We’ve been busy making changes to our “Line, bar, pie” template in recent weeks. Along with new filters, bar sorting, multi-line axis labels and improved performance, we’ve added a new visualization type: the streamgraph.
Quite a few users have been asking about streamgraphs recently due to their increased visibility in reporting about the coronavirus crisis. For example, the Financial Times featured one prominently in their Coronavirus tracker.
You can now easily make this kind of chart in Flourish. And because the new feature is built into the “Line, bar, pie” template, you can add series and row filters, custom popups and even animate from a streamgraph to another chart type.
A streamgraph is a variation of a stacked area chart. Instead of plotting values against a conventional y axis, the streamgraph offsets the baseline of each “stack” to make it symmetrical around the x axis.
This results in flowing, organic shapes – “streams” – displaying the change over time. According to a paper on the topic by Lee Byron and Martin Wattenberg, the streams are perceived as familiar, which makes them visually appealing and easy to understand.
Removing the baseline can often make individual categories more legible, and flowing in both directions reduces the sense of a vertical hierarchy. A streamchart also avoids one series being different from all the others by virtue of having one straight side.
Typically streamgraphs are best when working with a handful of “streams”, but as always with visualization there are exceptions. One of the charts that helped popularize the technqiue was “Ebb and Flow of Movies” by Mathew Bloch, Lee Byron, Shan Carter and Amanda Cox at the New York Times. This very distinctive chart has dozens of small streams representing blockbuster movies. It manages to show both the overall seasonal trend and its composition, with individual movies each undergoing their own peak and decline.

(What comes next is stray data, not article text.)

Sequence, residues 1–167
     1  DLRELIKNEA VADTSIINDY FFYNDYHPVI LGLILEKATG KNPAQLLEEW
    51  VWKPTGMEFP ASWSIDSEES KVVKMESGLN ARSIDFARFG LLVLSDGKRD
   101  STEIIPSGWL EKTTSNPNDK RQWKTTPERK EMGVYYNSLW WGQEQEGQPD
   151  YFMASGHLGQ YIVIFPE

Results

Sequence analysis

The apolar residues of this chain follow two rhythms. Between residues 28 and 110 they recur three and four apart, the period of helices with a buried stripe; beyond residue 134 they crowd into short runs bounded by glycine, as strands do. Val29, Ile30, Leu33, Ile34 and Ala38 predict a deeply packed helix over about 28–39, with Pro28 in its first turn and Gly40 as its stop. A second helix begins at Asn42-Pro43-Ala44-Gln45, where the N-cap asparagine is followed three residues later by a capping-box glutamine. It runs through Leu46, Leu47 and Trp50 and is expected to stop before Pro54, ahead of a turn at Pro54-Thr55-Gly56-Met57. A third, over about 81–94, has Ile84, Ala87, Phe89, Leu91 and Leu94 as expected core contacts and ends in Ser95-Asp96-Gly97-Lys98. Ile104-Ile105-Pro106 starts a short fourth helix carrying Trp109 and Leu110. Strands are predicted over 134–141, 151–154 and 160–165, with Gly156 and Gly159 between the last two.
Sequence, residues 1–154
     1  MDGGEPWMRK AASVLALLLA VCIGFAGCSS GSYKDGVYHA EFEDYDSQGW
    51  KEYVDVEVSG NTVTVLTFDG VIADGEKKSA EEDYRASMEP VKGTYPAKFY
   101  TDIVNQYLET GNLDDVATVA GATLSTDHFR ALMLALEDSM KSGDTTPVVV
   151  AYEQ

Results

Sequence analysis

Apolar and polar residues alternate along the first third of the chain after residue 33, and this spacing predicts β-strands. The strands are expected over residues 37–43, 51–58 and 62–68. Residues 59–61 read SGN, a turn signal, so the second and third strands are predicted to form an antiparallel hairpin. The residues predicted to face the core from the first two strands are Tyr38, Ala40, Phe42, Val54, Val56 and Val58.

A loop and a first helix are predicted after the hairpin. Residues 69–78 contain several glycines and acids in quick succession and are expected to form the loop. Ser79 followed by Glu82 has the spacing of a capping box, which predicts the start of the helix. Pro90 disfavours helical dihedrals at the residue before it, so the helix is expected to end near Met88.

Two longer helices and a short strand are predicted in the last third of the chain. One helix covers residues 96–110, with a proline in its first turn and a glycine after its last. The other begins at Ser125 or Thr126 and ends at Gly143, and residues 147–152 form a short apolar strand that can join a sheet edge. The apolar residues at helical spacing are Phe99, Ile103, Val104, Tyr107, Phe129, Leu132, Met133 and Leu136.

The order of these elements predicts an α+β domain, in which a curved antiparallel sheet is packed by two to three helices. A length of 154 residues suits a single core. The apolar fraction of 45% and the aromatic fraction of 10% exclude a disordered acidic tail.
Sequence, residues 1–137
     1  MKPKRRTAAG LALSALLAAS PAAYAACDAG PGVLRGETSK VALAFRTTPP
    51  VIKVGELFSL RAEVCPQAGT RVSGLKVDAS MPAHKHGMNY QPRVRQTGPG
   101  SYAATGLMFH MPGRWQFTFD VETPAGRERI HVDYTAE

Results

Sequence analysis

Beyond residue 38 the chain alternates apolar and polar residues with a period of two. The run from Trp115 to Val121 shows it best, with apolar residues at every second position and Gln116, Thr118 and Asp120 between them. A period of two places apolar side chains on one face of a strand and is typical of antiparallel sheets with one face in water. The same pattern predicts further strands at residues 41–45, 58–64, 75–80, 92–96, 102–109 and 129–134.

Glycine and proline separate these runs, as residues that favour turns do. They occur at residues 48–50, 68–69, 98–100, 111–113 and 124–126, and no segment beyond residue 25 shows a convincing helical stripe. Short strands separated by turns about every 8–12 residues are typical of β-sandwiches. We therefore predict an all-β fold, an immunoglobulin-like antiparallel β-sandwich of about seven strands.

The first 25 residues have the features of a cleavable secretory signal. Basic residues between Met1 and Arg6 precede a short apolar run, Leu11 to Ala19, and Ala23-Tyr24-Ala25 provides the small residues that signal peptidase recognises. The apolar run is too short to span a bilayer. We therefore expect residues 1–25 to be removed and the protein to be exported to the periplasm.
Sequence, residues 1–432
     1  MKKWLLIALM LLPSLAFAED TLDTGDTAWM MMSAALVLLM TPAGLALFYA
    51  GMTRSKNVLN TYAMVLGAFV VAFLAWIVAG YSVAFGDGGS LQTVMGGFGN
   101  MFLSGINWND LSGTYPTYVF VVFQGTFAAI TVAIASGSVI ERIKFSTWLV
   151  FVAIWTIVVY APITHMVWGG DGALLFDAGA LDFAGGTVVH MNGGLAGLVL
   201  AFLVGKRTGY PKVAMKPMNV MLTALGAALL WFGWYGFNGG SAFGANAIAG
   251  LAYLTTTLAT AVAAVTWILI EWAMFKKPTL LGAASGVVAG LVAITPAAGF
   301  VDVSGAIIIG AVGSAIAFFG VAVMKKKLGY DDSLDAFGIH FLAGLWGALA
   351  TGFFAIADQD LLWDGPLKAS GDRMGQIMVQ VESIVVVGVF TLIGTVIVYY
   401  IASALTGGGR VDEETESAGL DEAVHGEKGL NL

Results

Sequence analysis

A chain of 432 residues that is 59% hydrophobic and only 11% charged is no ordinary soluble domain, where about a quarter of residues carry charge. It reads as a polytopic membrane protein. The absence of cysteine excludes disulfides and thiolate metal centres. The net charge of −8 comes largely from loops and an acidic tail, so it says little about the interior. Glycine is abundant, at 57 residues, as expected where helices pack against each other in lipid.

To create a streamgraph, simply select the streamgraph starting point from our template page. Or choose the streamgraph option from the “Chart type” dropdown when working in the “Line, bar, pie” template.
Just like our standard line and area charts, the template uses wide data format, so when adding your data, you need a column for each “stream” in the chart.
As Andy Kirk wrote in his blog post on streamgraphs, this visualization technique is at its best as an interactive exploratory tool, enabling users to take a journey along the flow of patterns.
The chart below showing Coronavirus cases by age group in Scotland by Lesley-Anne Kelly for the The Courier is an example of a streamgraph with a legend filter. Clicking an age group in the legend removes it, allowing you to view the remaining streams in more detail.
Although many people perceive streamgraphs as easy to read and intuitive, they do have some downsides. As with any stacked area chart, they can easily get cluttered if you try and add too many categories at once. Adding interactivity, such as a search box or filter, can help deal with this issue if your dataset has lots of categories.
Another limitation is that streamgraphs don’t support negative values. That’s because there’s no clear zero baseline to differentiate positive from negative. Hence in streamgraph mode any negative values in your data sheet are ignored – just as they are in proportional charts such as pies or percentage bars.
A final downside with streamgraphs is that the lack of a y axis makes it impossible to read the scale at a glance. Interactive popups can help with this, however, and so can annotation. We have a big update on that coming soon. Stay tuned!